Save Me Time!
- It can be hard to know if you are buying too much or too little coverage for your needs.
- The most common forms of overinsurance are deductibles that are too low and replacement values that are overly high.
- You can also be overinsured for your contents and other structures, but these are harder to remedy.
The Rest of the Story
Before we discuss how you end up overinsured, let’s briefly discuss why you end up overinsured.
There are two potential sources of overinsurance:
- Lack of knowledge by the homeowner of what they’re buying.
- Insurance agents who want higher premiums because they generate greater commissions if your bill is larger.
As for the first, if that applies to you, hopefully we can fix that! Regarding the second, not all insurance agents think this way, but yours may.
The best way to find out is to read the advice below and see if your agent may be pushing you to buy too much coverage.
Deductibles That Are Too Conservative
People tend to be too cautious with their deductibles as we have written about elsewhere. If you can afford a higher deductible, you should consider raising it and setting money aside to fund the increased risk exposure as having a low deductible is a low return investment.
Replacement Values That Are Too High
As we’ve discussed in other articles, while many people have too low a replacement value if their home was lost, there are cases where people have way too high a replacement value.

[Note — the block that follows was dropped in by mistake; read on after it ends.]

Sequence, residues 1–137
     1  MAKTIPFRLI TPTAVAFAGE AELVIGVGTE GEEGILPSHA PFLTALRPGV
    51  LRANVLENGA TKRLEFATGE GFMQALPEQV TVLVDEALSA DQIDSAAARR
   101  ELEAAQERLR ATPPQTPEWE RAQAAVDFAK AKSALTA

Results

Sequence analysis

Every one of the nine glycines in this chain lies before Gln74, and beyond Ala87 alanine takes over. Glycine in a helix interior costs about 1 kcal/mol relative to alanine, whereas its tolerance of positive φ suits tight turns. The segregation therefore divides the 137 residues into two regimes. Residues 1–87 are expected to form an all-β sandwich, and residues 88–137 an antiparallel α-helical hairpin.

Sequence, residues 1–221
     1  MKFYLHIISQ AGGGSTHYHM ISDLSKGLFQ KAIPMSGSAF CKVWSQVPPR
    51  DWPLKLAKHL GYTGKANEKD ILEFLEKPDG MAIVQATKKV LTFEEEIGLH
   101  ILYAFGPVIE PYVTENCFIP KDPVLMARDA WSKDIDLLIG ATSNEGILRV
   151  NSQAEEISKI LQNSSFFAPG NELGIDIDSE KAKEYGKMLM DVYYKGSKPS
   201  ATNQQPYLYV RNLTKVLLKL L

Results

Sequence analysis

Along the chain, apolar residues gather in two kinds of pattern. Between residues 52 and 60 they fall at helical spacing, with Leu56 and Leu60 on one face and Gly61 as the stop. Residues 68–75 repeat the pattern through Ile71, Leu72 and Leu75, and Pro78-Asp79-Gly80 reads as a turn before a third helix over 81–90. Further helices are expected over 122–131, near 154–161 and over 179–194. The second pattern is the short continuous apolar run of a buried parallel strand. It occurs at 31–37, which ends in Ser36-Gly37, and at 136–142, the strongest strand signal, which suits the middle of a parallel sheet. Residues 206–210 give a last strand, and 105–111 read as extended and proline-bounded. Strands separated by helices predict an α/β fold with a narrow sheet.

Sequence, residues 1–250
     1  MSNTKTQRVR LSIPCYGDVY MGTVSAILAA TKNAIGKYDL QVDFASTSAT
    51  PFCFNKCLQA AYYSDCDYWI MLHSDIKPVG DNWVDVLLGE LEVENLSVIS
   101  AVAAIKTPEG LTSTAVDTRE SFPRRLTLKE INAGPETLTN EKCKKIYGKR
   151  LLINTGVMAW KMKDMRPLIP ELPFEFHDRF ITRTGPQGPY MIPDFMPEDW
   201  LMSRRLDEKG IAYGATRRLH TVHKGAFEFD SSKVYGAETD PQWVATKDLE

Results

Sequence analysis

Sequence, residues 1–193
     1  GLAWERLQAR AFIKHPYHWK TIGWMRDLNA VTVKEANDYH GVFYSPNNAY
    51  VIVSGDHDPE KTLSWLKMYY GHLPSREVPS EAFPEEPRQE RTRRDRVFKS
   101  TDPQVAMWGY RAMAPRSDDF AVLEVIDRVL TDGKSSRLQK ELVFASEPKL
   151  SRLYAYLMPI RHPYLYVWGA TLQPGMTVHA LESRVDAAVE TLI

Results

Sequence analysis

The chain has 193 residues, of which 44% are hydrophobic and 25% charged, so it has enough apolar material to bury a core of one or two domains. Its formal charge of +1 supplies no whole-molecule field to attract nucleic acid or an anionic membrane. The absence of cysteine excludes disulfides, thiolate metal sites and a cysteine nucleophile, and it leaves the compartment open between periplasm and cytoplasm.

This can occur due to insurance company models that don’t understand your local market and assign too high a rebuilding cost to your home. It can also happen if you or your agent inadvertently believe you should be insuring the resale value of your house rather than the cost to rebuild.
Unnecessary Other Structures Coverage
If you read our article on how Other Structures works, you may remember that this part of the policy provides coverage for up to 10% of your policy’s replacement value for damage done to structures not attached to your home (e.g. fences or sheds).
What if you don’t have structures worth 10% of your home’s replacement value? Can you reduce this overinsurance to save money? Nope. You are required to be overinsured by most carriers.
Lack of Contents
Similarly, most policies default to provide content for lost or damaged possessions at 50% of your home’s replacement value. What if you don’t have that much in contents? If you look hard, you may find a policy that will allow you to buy less, but typically insurance companies require you to keep 50% coverage.
Notice, this overinsurance is compounded if you have a replacement value that is too high as you are forced to buy 50% of a larger number.
While there isn’t much you can do today about these last two overinsurance issues, it is helpful to be aware of where you are overpaying in case policy options change in the future.
Fix The Replacement Value First
Of these four, if you can only fix one, it is probably best to address the replacement value.
If you are confident you are overinsured, you are paying extra premium and getting nothing in return. By correcting it, you save not only on the cost of insuring your house, but also the cost for the related structures and contents coverages.
While carrying too low a deductible may not be a great financial return, you at least get some value out of it if you have a claim. Since something is better than nothing, being overinsured on your deductible is less troubling than being overinsured on your home’s replacement value.